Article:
Unveiling Hanny's Voorwerp – one step at a time
Among the new data we have now is a set of fabulous images taken late last year from the 3.5m WIYN telescope at Kitt Peak, Arizona. We were using a special rapid-guiding CCD camera, which tracks rapid motion due to the atmosphere or wind shaking the telescope, delivering even sharper images than the telescope normally would on long exposures At the end of a 3-night session observing overlapping galaxies to measure their dust content, I couldn’t help noticing that IC 2497 passed nearly overhead just at the start of morning twilight. The atmosphere had been unusually steady so our images were very good. Steady atmosphere, target straight overhead, fast-guiding camera – there was no way we’d pass up this opportunity. The combination paid off; our images in two of the filters were the sharpest ground-based images I’ve ever gotten from anywhere. I knew the telescope could reach that image quality, but never before had it done so for me. In some parts of the image, close to reference stars, the atmospheric blurring amounts to only four tenths of an arcsecond. (When I was in school, it was the received wisdom that the atmosphere would never allow images this sharp for more than a fraction of a second).
Just look at all the new structures we can see! The spiral arms of IC 2497 show a warp, suggesting that it has been disturbed by a close encounter with some other galaxy within the last few hundred million years. This fits with the radio data showing an enormous cloud of hydrogen forming an arc outside of the galaxy and stretching almost halfway around it. Close to the center, more evidence of disturbance comes from the intricate network of dust lanes that we can see in the new images. Especially so close to the core, these should settle down into a flat plane (like the disk of the galaxy itself) quickly on cosmic timescales; more evidence of an exciting history.
The dust will also interfere with what we can see of the enigmatic nucleus of the galaxy. The radio observations, especially the measurements from the continent-spanning European VLBI network, show us exactly where the nucleus must be. By matching stars on the SDSS image, we can transfer its coordinate information and see just where the radio core lies on our visible-light images:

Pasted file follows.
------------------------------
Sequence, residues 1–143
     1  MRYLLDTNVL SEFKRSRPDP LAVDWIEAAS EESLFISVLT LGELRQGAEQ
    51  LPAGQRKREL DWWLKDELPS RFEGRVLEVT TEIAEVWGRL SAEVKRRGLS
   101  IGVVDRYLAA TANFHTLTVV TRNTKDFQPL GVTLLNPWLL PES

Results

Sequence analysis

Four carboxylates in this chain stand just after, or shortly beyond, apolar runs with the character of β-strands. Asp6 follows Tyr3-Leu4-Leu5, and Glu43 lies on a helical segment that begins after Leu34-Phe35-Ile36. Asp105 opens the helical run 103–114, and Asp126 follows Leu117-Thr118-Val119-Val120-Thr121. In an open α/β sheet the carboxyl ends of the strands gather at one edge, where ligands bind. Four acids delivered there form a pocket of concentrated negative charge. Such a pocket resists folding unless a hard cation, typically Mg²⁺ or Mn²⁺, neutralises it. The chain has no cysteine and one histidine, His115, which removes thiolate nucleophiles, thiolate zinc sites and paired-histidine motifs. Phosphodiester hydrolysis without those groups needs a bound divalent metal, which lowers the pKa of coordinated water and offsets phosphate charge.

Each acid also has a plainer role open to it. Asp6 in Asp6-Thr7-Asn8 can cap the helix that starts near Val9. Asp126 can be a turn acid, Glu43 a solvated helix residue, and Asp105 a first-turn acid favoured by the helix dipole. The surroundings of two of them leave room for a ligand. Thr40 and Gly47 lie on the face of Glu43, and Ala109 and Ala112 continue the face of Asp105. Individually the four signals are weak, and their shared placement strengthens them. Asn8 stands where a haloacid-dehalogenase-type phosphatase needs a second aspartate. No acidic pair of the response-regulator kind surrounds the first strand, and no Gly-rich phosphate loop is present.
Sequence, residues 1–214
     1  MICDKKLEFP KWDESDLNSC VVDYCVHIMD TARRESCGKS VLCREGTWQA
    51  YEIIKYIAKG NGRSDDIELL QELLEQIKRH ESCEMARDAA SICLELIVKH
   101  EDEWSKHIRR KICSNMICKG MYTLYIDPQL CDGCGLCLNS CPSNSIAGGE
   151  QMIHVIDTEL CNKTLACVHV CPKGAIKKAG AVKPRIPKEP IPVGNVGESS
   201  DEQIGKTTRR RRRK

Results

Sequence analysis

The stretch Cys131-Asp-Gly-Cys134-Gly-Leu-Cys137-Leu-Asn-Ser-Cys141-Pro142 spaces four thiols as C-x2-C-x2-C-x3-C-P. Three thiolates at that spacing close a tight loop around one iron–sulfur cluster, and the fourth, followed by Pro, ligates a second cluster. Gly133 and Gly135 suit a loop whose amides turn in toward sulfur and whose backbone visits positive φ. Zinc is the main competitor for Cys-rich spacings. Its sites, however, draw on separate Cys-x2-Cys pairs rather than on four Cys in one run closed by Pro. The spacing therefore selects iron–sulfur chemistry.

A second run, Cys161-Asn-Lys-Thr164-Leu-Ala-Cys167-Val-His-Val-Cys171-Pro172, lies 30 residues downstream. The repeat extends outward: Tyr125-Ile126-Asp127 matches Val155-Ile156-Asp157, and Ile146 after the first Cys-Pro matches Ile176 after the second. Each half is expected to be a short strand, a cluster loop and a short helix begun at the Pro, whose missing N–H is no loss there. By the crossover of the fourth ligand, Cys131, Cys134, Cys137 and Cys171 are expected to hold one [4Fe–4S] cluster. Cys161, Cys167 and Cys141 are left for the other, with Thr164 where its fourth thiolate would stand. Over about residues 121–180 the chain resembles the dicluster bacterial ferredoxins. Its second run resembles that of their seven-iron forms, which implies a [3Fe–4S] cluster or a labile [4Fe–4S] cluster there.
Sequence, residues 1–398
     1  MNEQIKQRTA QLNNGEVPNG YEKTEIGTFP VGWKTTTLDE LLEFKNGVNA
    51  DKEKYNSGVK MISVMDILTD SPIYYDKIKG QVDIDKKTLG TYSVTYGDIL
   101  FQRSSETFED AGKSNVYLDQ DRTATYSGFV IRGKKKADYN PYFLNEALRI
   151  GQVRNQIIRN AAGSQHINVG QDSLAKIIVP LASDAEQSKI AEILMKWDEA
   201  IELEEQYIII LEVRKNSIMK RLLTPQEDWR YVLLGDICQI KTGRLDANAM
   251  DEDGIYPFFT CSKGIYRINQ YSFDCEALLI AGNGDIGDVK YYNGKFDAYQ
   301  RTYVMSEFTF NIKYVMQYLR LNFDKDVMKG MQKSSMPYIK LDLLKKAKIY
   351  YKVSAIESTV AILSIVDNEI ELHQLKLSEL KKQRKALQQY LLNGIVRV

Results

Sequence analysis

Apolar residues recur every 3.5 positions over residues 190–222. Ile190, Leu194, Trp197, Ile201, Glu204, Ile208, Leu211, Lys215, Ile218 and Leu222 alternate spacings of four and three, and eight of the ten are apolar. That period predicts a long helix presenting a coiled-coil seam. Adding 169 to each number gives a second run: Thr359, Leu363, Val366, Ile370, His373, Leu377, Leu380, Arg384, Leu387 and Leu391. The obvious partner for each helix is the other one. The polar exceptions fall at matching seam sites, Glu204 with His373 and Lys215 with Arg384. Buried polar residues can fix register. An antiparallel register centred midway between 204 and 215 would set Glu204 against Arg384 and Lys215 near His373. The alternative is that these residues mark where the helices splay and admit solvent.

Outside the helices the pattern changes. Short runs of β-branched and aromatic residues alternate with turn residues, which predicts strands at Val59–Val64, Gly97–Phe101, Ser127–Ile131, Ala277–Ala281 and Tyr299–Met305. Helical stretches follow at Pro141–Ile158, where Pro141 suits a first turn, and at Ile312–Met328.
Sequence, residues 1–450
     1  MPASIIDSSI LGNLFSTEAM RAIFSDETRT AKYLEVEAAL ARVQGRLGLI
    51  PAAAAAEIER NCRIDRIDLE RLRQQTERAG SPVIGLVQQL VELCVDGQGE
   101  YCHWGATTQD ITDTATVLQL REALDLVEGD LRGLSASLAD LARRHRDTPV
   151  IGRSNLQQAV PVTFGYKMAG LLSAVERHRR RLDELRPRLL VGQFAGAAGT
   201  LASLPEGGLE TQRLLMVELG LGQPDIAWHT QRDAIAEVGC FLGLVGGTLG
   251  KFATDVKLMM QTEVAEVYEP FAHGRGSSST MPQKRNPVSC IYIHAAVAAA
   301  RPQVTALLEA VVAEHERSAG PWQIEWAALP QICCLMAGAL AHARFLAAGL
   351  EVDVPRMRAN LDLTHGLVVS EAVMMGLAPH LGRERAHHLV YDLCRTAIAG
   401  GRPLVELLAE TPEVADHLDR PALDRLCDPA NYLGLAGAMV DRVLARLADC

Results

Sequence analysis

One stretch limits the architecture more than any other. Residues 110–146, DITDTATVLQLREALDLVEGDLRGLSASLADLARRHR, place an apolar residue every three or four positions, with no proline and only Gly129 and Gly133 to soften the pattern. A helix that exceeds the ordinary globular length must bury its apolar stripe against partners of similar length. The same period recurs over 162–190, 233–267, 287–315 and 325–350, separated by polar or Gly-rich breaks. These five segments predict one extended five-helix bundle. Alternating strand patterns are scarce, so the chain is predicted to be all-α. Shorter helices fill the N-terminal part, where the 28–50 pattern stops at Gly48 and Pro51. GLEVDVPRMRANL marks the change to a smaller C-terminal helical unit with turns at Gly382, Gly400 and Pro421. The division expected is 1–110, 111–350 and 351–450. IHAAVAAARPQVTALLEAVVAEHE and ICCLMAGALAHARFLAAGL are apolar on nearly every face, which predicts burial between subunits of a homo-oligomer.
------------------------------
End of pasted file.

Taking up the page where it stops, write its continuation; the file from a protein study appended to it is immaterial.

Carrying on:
The core lies just behind one of the dust lanes, so we don’t see it directly by visible light. Using the pieces of the surrounding bulge light that we do see, we can estimate that more than half of the bulge light has been absorbed by the dust. That central bulge is at least twice as bright as we would measure from the SDSS images, which don’t show us enough detail to trace the dust. Since the typical properties of the supermassive black holes in galactic nuclei vary with the bulge of stars around them, this increases the plausible mass of a central black hole which has been powering all the fireworks.
And we see new detail in Hanny’s Voorwerp as well. Knots, clumps, filaments. There is a hint that its north end breaks up into little curves looking like bow shocks, such as we would see if there is unseen material flowing into it from the north side. The radio observations do show something that might do the job; higher resolution may tell the tale. If that is true, it might be a gigantic version of the famous “Pillars of Creation” in the Eagle Nebula. There are more green shreds of ionized gas scattered around the bright part as well.
Over and over throughout astronomical history, we see not only new things, but new kinds of things, when we can see them more deeply, or sharply, or over a wider wavelength range. Hanny’s Voorwerp and IC 2497 are no exceptions. But as informative as these data are, they only whet our appetites. Depending on which wavelength they use, our planned Hubble images will be from three to seven times sharper than this. And even before the Hubble data become available, X-ray observations (from the Japanese Suzaku and European XMM-Newton orbiting observatories) promise to go a long way toward distinguishing between the two major ideas for what we see – whether the quasar in the core of IC 2497 has virtually shut down in the recent past (well, tens of thousands of years is very recent by astronomers’ standards), or it’s still there but so totally shrouded by dust and gas that we cannot yet see it in any of our observations. Stay tuned…